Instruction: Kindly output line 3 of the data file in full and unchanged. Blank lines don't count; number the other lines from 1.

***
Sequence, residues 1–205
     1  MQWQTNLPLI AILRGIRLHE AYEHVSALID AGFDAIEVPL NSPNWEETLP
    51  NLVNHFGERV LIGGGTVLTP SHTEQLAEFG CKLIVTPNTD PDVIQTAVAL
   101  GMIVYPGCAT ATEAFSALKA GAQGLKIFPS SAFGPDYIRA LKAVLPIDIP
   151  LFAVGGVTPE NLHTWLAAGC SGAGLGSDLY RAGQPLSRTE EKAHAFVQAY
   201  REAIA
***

    51  NLVNHFGERV LIGGGTVLTP SHTEQLAEFG CKLIVTPNTD PDVIQTAVAL